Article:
Aftermath

Analysis

Positions following the battle, New York Times, May 1915

The battle at Neuve Chapelle showed that trench defences could be breached if the attack was carefully prepared and disguised to achieve at least local surprise. After the initial shock, the German defenders recovered, just as the attackers were beset by delays, loss of communication and disorganisation. In his report at the end of March, Major-General Du Cane wrote that the First Army command system disintegrated after the village was captured. Although Haig claimed he had made his intent plain to his subordinates, he felt they had not grasped the "spirit" of the plan, and had failed to press on when initial objectives had been captured. One of the subordinate commanders later claimed that pressing on would have failed, due to the lack of ammunition. [12]

The British telephone system proved vulnerable to German artillery-fire and the movement of troops along communication trenches was delayed by far more than the most pessimistic expectations. Equilibrium between attack and defence quickly resumed, which could only be upset by another set-piece attack, after a delay for preparation which gave the defenders just as much time to reorganise. The attack front was found to have been wide enough to overcome the small number of German reserves but the attackers had not been ordered to assist units which had been held up. British reinforcements were sent to renew failed attacks rather than reinforce success. Small numbers of German troops in strong-points and isolated trenches, had been able to maintain a volume of small-arms fire sufficient to stop the advance of far greater numbers of attackers.[13]

The battle had no strategic effect but showed that the British were capable of mounting an organised attack, after several winter months of static warfare. They recaptured about 2 km (1.2 mi) of ground. In 1961 Alan Clark wrote that relations with the French improved, because British commanders had shown themselves willing to order attacks regardless of loss and quoted Brigadier-General John Charteris that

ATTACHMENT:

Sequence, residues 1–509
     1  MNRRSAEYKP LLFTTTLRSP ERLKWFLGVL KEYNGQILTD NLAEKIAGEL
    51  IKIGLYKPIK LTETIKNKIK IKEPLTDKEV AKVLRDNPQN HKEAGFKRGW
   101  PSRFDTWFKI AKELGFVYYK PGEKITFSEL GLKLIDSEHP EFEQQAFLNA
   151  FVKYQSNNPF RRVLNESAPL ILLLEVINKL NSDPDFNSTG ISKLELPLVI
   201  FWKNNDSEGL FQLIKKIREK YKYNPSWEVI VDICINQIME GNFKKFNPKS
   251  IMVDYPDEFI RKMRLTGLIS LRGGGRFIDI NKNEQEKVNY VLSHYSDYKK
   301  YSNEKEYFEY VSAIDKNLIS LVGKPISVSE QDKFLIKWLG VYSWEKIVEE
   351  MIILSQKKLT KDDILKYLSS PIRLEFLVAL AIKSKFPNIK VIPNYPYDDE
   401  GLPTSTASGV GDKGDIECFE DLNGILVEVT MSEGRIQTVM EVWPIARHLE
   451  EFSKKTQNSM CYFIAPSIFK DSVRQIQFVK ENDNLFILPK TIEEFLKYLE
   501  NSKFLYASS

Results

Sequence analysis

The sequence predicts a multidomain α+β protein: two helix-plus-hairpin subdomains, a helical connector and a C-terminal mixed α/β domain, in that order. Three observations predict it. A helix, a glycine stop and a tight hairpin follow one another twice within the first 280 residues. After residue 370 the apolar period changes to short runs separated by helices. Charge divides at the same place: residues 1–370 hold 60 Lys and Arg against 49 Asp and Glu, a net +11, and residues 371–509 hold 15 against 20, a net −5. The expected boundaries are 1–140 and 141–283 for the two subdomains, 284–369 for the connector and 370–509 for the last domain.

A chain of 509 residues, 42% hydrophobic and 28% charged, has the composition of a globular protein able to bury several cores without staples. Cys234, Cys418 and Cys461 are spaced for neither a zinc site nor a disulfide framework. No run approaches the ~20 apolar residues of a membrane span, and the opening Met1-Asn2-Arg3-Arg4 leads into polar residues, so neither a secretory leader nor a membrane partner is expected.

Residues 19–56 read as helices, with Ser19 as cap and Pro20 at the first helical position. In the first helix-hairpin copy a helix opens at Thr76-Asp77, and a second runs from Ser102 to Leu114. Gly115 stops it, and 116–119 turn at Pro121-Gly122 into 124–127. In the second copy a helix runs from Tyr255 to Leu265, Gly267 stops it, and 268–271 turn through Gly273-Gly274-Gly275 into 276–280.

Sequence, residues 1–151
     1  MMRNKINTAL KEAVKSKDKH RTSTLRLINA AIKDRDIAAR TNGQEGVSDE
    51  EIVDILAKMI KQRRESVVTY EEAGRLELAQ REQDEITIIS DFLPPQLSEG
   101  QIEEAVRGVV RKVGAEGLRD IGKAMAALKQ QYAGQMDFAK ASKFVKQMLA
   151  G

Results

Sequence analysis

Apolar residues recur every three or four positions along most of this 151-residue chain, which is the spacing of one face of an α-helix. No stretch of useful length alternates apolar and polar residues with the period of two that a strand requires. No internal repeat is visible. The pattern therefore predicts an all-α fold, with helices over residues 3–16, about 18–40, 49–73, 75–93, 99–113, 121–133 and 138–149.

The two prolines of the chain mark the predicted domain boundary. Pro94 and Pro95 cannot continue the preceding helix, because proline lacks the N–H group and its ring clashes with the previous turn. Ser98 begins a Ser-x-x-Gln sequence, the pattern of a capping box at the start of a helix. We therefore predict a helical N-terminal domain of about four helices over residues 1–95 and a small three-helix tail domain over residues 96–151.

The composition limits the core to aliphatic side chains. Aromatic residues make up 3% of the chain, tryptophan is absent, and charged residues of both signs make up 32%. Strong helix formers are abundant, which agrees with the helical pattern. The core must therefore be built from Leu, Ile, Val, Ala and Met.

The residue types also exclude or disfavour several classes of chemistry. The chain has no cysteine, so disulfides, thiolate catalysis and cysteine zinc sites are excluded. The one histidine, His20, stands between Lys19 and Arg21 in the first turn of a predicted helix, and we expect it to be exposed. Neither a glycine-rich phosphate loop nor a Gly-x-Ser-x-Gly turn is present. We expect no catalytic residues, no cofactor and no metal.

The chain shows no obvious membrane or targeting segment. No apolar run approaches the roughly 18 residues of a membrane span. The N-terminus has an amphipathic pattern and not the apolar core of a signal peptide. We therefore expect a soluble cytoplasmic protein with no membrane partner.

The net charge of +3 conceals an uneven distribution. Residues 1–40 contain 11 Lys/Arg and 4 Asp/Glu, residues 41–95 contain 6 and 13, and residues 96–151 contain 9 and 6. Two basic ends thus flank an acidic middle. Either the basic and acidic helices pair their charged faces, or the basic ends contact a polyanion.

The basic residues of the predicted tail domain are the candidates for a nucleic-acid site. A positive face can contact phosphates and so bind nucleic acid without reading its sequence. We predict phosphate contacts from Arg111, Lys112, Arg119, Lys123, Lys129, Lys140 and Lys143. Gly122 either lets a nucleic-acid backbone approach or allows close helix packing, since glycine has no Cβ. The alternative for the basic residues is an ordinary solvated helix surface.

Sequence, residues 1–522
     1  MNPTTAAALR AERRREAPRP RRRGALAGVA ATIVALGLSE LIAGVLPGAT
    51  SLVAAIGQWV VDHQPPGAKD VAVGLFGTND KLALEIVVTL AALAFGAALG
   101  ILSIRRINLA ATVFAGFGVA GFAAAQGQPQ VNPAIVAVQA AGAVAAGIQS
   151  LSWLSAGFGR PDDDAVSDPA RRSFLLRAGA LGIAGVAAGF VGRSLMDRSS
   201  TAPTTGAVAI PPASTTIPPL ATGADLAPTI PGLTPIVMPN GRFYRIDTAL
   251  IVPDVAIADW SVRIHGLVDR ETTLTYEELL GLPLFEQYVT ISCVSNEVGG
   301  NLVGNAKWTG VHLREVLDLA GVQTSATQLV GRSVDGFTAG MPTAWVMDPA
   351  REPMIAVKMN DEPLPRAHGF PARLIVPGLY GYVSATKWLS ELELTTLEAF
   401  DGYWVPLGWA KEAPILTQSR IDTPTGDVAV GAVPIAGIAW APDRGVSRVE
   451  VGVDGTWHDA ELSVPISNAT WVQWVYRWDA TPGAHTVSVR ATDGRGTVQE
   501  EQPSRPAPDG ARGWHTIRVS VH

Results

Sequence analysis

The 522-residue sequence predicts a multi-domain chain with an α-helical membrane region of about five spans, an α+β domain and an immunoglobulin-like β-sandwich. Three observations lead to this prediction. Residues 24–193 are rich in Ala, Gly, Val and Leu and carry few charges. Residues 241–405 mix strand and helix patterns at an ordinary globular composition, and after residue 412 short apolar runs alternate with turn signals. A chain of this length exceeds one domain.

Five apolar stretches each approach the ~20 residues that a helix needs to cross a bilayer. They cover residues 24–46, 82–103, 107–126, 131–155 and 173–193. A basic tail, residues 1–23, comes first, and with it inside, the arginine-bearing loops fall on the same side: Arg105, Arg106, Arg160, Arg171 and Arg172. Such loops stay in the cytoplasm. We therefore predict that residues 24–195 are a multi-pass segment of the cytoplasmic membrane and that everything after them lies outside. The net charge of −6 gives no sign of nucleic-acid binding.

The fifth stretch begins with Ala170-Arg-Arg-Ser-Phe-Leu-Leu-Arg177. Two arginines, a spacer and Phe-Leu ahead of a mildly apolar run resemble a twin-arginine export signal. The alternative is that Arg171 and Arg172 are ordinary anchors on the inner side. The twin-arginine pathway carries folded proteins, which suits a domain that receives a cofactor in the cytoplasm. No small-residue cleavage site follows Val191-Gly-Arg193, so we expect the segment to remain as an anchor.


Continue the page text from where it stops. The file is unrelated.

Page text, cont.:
... England will have to accustom herself to far greater losses than those of Neuve Chapelle before we finally crush the German army.

-- Charteris[14]

George Cassar called the battle a British tactical success but that the strategic intentions had not been met.[15] Jack Sheldon was less complimentary and wrote that although the attack had shocked the German army, it quickly amended its defensive tactics and that the British had also been shocked that such a carefully planned attack had collapsed after the first day. Sheldon called the British analysis of the battle "bluster" and wrote that Joseph Joffre, the French commander, praised the results of the first day, then dismissed the significance of the attack "Mais ce fut un succès sans lendemain" (But it was a success which led to nothing.)[16] The German and French armies began to revise their low opinion of the British Expeditionary Force (BEF), the Germans having assumed that the British would remain on the defensive to release French troops and had risked keeping as few troops as possible opposite the British. The German defences were hurriedly strengthened and more troops brought in to garrison them. The French had also expected that the British troops would only release French soldiers from quiet areas and that British participation in French attacks would be a secondary activity. After the battle French commanders made more effort to co-operate with the BEF and plan a combined attack from Arras to Armentières.[17]